NSPAWN="systemd-nspawn -q --resolv-conf=copy-host --timezone=off -D"

3. Install the required packages

There are some tools that we will need later on, so install them now.

pacman -Syu bash wget git systemd parted libarchive openssl gawk dosfstools polkit haveged nvme-cli

4. Clone the Manjaro ARM profiles

The manjaro-arm-installer uses so-called "profiles" to decide which packages and services need to be installed for a specific ARM-based platform. If you want to install Manjaro on a different DEVICE or use a different Manjaro EDITION you have to look what the corresponding Git repository has to offer.

git clone /tmp/arm-profiles/

5. Grep the required packages

Based on the selected DEVICE and EDITION we have to read the corresponding lists of packages to install and services to enable. These lists will be used later on.

PKG_DEVICE=$(grep "^[^#;]" "/tmp/arm-profiles/devices/${DEVICE}" | awk '{print $1}')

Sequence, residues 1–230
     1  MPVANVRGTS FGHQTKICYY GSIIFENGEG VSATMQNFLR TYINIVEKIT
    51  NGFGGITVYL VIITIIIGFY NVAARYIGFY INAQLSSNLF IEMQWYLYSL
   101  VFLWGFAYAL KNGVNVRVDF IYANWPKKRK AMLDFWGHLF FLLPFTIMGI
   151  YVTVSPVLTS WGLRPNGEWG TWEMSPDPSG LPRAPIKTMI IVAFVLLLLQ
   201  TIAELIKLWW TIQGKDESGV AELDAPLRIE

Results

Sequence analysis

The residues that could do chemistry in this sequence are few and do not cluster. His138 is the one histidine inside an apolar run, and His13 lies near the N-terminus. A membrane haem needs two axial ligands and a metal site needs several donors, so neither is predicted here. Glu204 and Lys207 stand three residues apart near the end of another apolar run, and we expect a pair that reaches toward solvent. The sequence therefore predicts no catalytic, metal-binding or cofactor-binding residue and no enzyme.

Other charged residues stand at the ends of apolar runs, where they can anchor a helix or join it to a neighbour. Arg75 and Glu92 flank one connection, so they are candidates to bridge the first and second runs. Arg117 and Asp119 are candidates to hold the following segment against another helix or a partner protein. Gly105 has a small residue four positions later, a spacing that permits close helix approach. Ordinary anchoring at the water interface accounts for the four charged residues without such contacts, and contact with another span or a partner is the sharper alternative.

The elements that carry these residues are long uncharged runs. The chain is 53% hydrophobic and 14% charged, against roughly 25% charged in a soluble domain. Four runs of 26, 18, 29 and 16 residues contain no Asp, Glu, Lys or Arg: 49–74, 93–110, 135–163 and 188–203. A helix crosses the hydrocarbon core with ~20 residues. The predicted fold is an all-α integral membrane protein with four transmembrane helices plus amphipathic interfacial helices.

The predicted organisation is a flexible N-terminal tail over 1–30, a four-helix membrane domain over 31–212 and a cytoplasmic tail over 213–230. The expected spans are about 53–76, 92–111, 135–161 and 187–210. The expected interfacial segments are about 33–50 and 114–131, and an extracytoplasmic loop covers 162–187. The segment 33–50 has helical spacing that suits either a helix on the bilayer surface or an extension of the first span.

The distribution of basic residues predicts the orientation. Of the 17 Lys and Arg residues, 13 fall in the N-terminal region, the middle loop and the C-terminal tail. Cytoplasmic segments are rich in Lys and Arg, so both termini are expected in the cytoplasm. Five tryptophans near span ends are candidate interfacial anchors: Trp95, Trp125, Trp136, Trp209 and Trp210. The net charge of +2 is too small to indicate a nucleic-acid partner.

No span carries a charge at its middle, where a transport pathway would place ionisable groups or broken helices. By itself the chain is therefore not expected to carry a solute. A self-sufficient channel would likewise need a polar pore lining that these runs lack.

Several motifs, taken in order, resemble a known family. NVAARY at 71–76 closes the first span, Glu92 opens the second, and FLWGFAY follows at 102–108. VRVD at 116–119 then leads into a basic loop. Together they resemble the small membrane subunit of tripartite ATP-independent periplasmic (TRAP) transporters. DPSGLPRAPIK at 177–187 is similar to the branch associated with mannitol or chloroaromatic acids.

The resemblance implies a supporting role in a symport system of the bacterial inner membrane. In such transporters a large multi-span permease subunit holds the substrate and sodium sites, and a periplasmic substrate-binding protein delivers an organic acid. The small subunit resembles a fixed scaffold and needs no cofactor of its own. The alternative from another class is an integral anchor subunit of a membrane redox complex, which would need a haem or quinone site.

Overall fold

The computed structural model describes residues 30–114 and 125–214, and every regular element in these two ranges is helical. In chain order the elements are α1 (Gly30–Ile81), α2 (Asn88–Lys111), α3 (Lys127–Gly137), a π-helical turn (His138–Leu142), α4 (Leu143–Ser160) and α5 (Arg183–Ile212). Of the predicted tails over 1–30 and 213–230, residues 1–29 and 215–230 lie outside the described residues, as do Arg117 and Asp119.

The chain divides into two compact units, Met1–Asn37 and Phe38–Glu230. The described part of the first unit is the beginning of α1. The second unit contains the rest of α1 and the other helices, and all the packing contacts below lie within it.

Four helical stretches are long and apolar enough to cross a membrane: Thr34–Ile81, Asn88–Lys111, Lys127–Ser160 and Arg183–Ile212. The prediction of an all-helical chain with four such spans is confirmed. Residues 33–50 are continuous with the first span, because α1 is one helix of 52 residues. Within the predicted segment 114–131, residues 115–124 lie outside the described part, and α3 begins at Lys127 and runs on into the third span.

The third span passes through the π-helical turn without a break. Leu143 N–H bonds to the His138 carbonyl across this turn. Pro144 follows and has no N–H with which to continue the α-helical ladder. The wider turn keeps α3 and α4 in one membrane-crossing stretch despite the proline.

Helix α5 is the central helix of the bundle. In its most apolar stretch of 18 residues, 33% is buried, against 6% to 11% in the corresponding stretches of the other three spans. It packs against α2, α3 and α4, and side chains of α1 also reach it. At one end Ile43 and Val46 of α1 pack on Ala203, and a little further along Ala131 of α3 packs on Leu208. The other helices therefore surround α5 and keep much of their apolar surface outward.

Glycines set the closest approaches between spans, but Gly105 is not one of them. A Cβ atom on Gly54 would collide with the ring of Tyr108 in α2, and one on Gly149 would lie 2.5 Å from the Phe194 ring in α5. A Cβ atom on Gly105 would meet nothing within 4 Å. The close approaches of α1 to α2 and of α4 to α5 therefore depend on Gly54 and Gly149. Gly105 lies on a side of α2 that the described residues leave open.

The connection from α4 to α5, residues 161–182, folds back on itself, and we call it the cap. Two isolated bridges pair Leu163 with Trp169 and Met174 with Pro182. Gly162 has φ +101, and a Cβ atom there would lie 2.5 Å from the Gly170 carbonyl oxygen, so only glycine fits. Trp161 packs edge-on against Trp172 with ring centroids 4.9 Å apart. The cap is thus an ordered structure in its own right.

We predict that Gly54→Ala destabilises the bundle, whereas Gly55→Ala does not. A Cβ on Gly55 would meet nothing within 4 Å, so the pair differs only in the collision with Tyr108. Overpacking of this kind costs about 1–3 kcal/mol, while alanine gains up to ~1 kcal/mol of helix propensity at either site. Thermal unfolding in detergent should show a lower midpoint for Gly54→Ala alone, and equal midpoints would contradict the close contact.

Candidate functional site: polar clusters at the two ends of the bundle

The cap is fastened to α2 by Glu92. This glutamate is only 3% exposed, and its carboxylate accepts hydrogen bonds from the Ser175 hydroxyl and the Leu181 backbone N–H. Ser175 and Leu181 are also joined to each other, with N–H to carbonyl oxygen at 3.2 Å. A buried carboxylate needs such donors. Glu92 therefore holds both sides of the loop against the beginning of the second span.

PKG_EDITION=$(grep "^[^#;]" "/tmp/arm-profiles/editions/${EDITION}" | awk '{print $1}')
SRV_EDITION=$(grep "^[^#;]" "/tmp/arm-profiles/services/${EDITION}" | awk '{print $1}')

6. Unmount all relevant partitions

The upcoming installation steps will destroy all data stored on the disks. But before that we have to unmount the devices. The unmounting of all relevant devices is a bit hacky, but it does the job just fine. Feel free to improve this or do it manually instead.

ls -1 /dev/* | grep "/dev/${EMMC_DEVICE}" | xargs umount
ls -1 /dev/* | grep "/dev/${NVME_DEVICE}" | xargs umount

7. Clear the bootloader section on the eMMC card

The eMMC card contains a specific bootloader section. It will be rewritten later on.

dd if=/dev/zero "of=/dev/${EMMC_DEVICE}" bs=1MiB count=32

8. Create the boot partition on the eMMC card